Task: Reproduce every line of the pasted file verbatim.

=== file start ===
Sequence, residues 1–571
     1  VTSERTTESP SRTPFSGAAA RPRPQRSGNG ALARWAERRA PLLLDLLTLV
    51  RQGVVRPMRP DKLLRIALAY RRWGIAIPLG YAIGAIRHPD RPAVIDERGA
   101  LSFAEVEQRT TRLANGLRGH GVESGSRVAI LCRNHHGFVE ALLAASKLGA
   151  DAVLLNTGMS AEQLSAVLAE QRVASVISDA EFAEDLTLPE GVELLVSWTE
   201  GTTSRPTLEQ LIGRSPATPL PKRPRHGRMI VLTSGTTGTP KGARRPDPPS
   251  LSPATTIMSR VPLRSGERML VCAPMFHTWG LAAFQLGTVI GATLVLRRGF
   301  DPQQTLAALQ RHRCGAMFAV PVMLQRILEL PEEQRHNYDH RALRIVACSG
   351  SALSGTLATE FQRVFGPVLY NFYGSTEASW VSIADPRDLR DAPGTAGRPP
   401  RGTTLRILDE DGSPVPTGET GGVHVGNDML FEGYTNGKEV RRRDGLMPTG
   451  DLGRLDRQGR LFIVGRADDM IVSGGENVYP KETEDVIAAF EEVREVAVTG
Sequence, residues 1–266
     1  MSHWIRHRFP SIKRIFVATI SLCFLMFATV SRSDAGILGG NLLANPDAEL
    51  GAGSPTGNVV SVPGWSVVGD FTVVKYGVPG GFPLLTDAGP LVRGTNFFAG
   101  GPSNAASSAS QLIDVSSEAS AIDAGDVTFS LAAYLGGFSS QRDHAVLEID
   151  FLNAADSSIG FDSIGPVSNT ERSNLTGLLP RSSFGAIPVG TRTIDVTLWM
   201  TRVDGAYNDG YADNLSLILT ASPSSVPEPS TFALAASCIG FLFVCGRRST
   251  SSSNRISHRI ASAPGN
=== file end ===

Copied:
Sequence, residues 1–571
     1  VTSERTTESP SRTPFSGAAA RPRPQRSGNG ALARWAERRA PLLLDLLTLV
    51  RQGVVRPMRP DKLLRIALAY RRWGIAIPLG YAIGAIRHPD RPAVIDERGA
   101  LSFAEVEQRT TRLANGLRGH GVESGSRVAI LCRNHHGFVE ALLAASKLGA
   151  DAVLLNTGMS AEQLSAVLAE QRVASVISDA EFAEDLTLPE GVELLVSWTE
   201  GTTSRPTLEQ LIGRSPATPL PKRPRHGRMI VLTSGTTGTP KGARRPDPPS
   251  LSPATTIMSR VPLRSGERML VCAPMFHTWG LAAFQLGTVI GATLVLRRGF
   301  DPQQTLAALQ RHRCGAMFAV PVMLQRILEL PEEQRHNYDH RALRIVACSG
   351  SALSGTLATE FQRVFGPVLY NFYGSTEASW VSIADPRDLR DAPGTAGRPP
   401  RGTTLRILDE DGSPVPTGET GGVHVGNDML FEGYTNGKEV RRRDGLMPTG
   451  DLGRLDRQGR LFIVGRADDM IVSGGENVYP KETEDVIAAF EEVREVAVTG
Sequence, residues 1–266
     1  MSHWIRHRFP SIKRIFVATI SLCFLMFATV SRSDAGILGG NLLANPDAEL
    51  GAGSPTGNVV SVPGWSVVGD FTVVKYGVPG GFPLLTDAGP LVRGTNFFAG
   101  GPSNAASSAS QLIDVSSEAS AIDAGDVTFS LAAYLGGFSS QRDHAVLEID
   151  FLNAADSSIG FDSIGPVSNT ERSNLTGLLP RSSFGAIPVG TRTIDVTLWM
   201  TRVDGAYNDG YADNLSLILT ASPSSVPEPS TFALAASCIG FLFVCGRRST
   251  SSSNRISHRI ASAPGN